Kingston City Hall is one of the finest 19th century buildings in Canada and is designated as a National Historic Site. It remains the centre for administering and governing the City of Kingston since 1844 and it was here that we found ourselves for a self-guided tour bright and early one frigid, freezing, darn cold morning in December. I’m not doing well to dispel the myth that Canada is just one big icebox am I here? It was pretty cold this particular morning but as I was often heard saying on this trip …”well it could be worse.”
Kingston’s City Hall, and the City of Kingston itself, have played several key parts in the history of Canada. In addition to being the hometown of Canada’s first Prime Minister, Sir John A. Macdonald, Kingston also played an important part in the creation of Canada’s first official national flag. Who knew? I sure didn’t. Goodness I am a bad Canadian eh?
Before the familiar red and white flag bearing a maple leaf was created the Canadian Red Ensign was used. This flag features the Union Jack and the shield of the royal arms of Canada, and although widely used it was never actually officially adopted as the country’s flag.
Beginning as early as 1925 the Canadian government had begun looking at possible designs for a national symbol that would represent the new country. Finally, many years later, in 1964, Dr. George Stanley, Dean of Arts of Kingston’s Royal Military College suggested a red and white flag based on the college’s own flag. To make it Canada’s flag he then suggested replacing the college’s central emblem with a single red maple leaf, as both the colours and the leaf had long been official Canadian symbols. On February 15th, 1965 at a ceremony on Parliament Hill, the new national flag was raised for the first time… and just in time for the 1967 centennial celebration of Confederation.
Touring City Hall
Kingston’s City Hall includes several rooms that offer insights into Canadian history such as:
- Gallery of Kingston’s former Mayors dating from the 1840’s to present and found up both sides of the stairs leading to the second floor as well as throughout the building.
- The ‘Gaol’ (Jail)– The home of Kingston’s original police headquarters that opened in 1844 and ran through 1906. It included working spaces for the constables, as well as several cramped and dark basement cells that held men, women, and children that had been arrested for various crimes. Currently these spaces are being restored to become an exhibit of the experiences of the people of Kingston, their social hardships, and the criminal justice system.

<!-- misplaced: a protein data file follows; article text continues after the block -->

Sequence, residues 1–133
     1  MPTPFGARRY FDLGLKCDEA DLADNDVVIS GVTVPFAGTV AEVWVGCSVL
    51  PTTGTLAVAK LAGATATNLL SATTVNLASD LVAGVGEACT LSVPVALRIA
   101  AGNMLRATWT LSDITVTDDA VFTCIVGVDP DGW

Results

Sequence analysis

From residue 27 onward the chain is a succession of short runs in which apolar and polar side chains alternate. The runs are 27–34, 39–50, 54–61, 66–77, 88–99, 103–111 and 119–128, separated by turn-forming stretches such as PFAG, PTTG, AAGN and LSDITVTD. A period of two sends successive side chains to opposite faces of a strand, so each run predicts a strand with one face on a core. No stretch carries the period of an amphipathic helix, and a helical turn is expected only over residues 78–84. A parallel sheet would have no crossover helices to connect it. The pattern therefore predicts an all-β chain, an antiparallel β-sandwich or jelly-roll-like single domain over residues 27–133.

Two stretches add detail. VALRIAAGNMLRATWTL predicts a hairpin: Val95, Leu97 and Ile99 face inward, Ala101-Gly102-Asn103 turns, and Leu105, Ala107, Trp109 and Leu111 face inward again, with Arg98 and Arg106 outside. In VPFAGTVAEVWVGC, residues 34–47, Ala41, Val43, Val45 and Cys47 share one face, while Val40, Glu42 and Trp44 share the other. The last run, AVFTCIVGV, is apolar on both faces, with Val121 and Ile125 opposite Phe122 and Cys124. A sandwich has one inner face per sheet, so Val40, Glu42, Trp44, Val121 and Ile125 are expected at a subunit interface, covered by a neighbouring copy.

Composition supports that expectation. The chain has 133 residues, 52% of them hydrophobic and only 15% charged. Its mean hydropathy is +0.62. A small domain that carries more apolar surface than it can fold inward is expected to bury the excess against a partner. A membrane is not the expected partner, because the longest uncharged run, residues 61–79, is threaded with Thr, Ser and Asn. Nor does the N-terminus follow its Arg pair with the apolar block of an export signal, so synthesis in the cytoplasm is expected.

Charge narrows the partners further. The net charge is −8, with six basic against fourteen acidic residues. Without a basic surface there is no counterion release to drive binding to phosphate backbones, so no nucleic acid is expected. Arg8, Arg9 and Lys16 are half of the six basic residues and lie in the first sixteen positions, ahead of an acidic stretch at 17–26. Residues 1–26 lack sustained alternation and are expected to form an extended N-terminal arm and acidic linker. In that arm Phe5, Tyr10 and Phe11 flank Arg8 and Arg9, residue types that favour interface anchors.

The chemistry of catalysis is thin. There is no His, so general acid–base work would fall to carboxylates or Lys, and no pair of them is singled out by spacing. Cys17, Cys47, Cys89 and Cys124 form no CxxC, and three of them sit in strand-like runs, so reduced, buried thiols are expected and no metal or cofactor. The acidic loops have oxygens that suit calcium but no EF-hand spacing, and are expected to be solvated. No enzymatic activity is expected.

- The Memorial Hall of Windows – This was my favourite room that includes 12 stained glass windows that pay tribute to Canadians who fought in WWI battle-the names of which I recognised as either places we visited last year on our trip to Normandy and Ypres, or the names of places we intended to visit this year on our return trip to WWI sites of France and Belgium. The windows were dedicated in honour of Kingston’s Sailors, Soldiers, Airmen, and Nursing Sisters who served overseas in the Great War in 1921. This room also features a beautiful and elaborate plaster ceiling (always look up!) and bronze plaques and a Memorial book that lists the names of those who died during WWI and WWII.
- Ontario Hall– Over the years this has served as the Merchant’s Exchange, the Customs Office, a place of worship, a saloon, and office space. From 1883 to 1894 it was also the home to the first women’s medical college in Canada. It features the Mayor’s chair, the city’s Coat of Arm, and a plaster ceiling from which hangs an impressive Sunburst Chandelier with 373 light bulbs.
Fun Facts about Kingston City Hall
- In June 1842 a competition was announced for architects to design the building and the cost of construction was set at 10,000 pounds. George Browne’s design was chosen from 12 submissions and the building was completed in December 1844 (at the final cost in excess of 25,000 pounds. Oops! Looks like budgeting wasn’t their strength) at the time that Kingston was the capital of the Province of Canada
- The original design had a hemispherical dome with no clock faces or belfry- they were housed in a large end block in the market wing. When the market wing was destroyed by fire in 1865 the original clock was moved to the main dome.
- The first Prime Minister of Canada, Sir John A. Macdonald’s body laid in state upon his death in 1891 in what is now the Memorial Hall.
- In 1908 the cupola on top of the dome and part of the dome burned (they just did not have good luck with fires). It was rebuilt in 1909 and a new clock and bell were installed and these remain present in the dome today.
Open weekdays from 8:30 am to 4:30 pm. For more information you can visit the Kingston City Hall website.
Free guided tours are available weekdays from mid-May through mid-October and on weekends during July and August. During other times of the year visitors can use the self-guided tours that are available in several languages (English, French, Mandarin, German, and Spanish).
Metered parking is available on the streets surrounding City Hall